Mobius – X8

PRICE: $599.95
WEIGHT: 3.65 lb pair, size XL
STRAP STYLE: 3 Individual Straps and 1 cable routed strap
CUFF CLOSURE: Semi-flexible glass filled nylon
HINGE STYLE: Pivoting hinge


There were many stand out features to the Mobius X8 brace like the full coverage frame, the hidden patella cup, the perfectly flat hinges that make for an ultra-smooth transition from frame to hinge. The ratcheting cable system is also intriguing since it was the one of the first major changes to knee brace straps in years. 


What I liked:

Comfort of the brace was at the top of my list, this is largely in part due to the frame material, glass-filled nylon. The brace is by far the least rigid brace of the group, allowing for some form of flex in every direction. While I do think there is an argument to having a “softer” frame (to a point) in order to possibly reduce femur injuries, there is always a slight concern of stabilizing the knee. Nevertheless, the give in the nylon allows the form to expand or tighten to your specific leg shape with ease. Also, the frame design which is by far the most solid, gives a very warm and fuzzy feel when securing to your legs, it’s like they give your legs a hug. 

I really liked both the size of the straps and the velcro on them. The straps are significantly wider than any other brace in the test and this lets you get a good pull on them without a dental floss feeling of a strap cutting into your legs. The velcro on the straps are good enough to use to tie down your bike. Well not really, but it is exceptionally strong. Far stronger than any other velcro in the test. While this would occasionally make for undoing them a bit of a pain, it sure kept them together. Whereas the velcro on many of braces will sometimes catch on your pant liner and detach when pulling up your pants, this was never an issue with the Mobius velcro.  

Unlike all the other braces, the Mobius's patella cup is on the inside of the frame.

The ratchet system is cool but adds bulk and is a not really necessary.
The steel cable crosses behind the brace and routes back to the front of the shin plate.
The x-strap is always attached so you have to step through to put on.

The contact against the bike was superb, in fact it's nearly identical to the Asterisk Carbon Cell braces, very spread out and broad. The seamless transitions of frame to hinge was also very pleasant as it allowed you to squeeze the bike as tight as possible, yet never really feel the contours of the plastics. What I mean is that with a typical hinge that has an outer plate, that plate will “notch” its way across the plastic panels, and the seat to frame to plastic transitions give you a bit of a stepped feeling. With the perfectly flat surface of the Mobius X8, you don’t’ feel that - the brace glides over those touch points. 

Patella cup is also very different from any other cup in the test as it “hides” behind the frame when the leg is straightened. This makes for an ultra-sleek exterior eliminating any chance of snagging on the lining of pants. 

What I didn’t like:

The first thing that immediately became noticeable is the bulk of the upper half of the brace. Not so much the frame alone, but the ratcheting closure and the “X” cable strap on the lower thigh. Between those two pieces, there is significant amount of added bulk that can make getting on some slim fitting pants a struggle.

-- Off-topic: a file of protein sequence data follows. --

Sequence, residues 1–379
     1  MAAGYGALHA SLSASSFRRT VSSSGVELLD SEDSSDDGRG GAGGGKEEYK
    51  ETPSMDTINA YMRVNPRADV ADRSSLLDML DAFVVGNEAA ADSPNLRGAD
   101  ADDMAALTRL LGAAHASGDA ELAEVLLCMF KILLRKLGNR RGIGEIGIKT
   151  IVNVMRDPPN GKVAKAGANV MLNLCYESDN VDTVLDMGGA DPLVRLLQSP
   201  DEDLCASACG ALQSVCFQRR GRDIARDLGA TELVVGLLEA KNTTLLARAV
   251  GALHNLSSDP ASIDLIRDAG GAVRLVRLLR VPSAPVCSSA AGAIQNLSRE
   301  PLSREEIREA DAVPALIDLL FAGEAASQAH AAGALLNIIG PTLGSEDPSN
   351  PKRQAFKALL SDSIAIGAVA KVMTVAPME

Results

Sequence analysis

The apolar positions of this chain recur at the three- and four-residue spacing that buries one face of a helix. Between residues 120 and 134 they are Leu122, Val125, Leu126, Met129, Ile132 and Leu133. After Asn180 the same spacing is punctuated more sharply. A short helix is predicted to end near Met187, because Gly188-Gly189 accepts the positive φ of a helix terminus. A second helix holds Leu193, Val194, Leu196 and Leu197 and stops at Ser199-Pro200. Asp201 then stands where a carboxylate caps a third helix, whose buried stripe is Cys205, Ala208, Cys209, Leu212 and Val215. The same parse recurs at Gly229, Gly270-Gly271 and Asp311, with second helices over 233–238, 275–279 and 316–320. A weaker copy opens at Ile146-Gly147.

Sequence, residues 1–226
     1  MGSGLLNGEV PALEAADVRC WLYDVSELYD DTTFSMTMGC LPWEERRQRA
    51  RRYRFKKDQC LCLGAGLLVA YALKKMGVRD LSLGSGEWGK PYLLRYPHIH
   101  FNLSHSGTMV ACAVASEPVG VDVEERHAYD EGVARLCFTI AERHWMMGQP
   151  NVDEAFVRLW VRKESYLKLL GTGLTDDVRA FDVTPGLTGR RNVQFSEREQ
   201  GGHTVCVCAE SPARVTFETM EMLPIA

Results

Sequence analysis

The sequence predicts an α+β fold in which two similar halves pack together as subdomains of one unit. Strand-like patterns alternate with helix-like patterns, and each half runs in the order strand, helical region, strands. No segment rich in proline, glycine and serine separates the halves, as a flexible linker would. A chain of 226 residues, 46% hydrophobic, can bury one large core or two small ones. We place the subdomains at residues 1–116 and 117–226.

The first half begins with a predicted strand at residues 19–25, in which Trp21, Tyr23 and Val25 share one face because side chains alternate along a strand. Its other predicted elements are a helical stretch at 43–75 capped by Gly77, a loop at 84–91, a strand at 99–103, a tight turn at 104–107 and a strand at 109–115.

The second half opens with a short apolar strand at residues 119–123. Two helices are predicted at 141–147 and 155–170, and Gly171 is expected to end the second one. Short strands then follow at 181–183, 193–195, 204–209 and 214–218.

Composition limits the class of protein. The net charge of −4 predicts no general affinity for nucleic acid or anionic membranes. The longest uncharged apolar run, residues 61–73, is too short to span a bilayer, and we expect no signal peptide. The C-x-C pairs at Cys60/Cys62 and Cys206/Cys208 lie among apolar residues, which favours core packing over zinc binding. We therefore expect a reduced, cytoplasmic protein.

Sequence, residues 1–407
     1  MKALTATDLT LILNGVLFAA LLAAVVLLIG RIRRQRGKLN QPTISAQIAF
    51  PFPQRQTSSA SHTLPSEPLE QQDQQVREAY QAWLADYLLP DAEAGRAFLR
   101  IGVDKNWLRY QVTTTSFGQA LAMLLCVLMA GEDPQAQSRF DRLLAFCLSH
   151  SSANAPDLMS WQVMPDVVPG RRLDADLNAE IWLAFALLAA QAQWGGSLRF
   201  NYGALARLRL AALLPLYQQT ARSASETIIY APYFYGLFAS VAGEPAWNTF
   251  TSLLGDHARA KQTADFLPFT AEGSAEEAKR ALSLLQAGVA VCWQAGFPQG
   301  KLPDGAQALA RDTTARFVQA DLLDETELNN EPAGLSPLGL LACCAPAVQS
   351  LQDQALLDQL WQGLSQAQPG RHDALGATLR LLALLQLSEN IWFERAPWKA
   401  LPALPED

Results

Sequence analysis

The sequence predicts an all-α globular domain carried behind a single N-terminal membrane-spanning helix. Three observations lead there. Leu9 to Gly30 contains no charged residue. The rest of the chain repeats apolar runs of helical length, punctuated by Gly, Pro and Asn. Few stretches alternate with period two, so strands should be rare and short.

This brace actually felt very similar to the Asterisk Carbon Cell, which in my opinion is NOT a bad thing, I loved the Asterisk. But a major difference was the shin area on the lower frame, in specific, just below the patella cup. Wearing ONLY the mobius (right and left) you won’t notice this but wear the Mobius on one leg and an Asterisk on the other, there is a noticeable gap below the patella cup on the Mobius that gives up some of the feel of security. But again, this is only when wear side-by-side is this noticeable. 

Heat was another issue that came up late into the testing. For majority of the testing I had worn this brace in sub 90-degree weather, typically between 70-85 degrees. However, when I rode on a day that was 103, the solid design of the frame held in heat quite a bit. This brace definitely has the least amount of airflow of any of the braces. Then again, it is this same frame design that gives the brace a very comforting feel of wrapping around your legs. 

The hinge is by far the smallest and is the most flush with the rest of the brace.
There is ample padding all over making it very comfortable, but bulky.
You can see how thick the padding is on the x-strap that goes behind the leg.


What I liked:

The padding inside the Mobius is some of the thickest and softest which makes the brace very comfortable to where. There are no pressure points on the thigh, shin, or inside of the knee when you are riding, walking, or working on your bike. I also applaud the out-of-the-box design of the ratcheting ‘X’ strap and the overall structure of the frame. 

What I didn’t like:

Unfortunately, this list is longer than the one above it. First off, they are a little bit on the heavy side, and a LOT a bit on the bulky side. In fact, they are so bulky that I straight up couldn’t get a pair of pants over them. They were the Fox Legion pants that have much less stretch than moto pants, and they just would not fit over the braces. The thick and soft padding that give comfort adds to the major bulk of the brace. Also I find the X-strap a hassle to ‘step through’ since it doesn’t unhook on one side like the other straps. Lastly, while they had good bike feel, they ultimately seemed like very expensive knee guards than braces since they are not nearly as rigid as any of the other braces.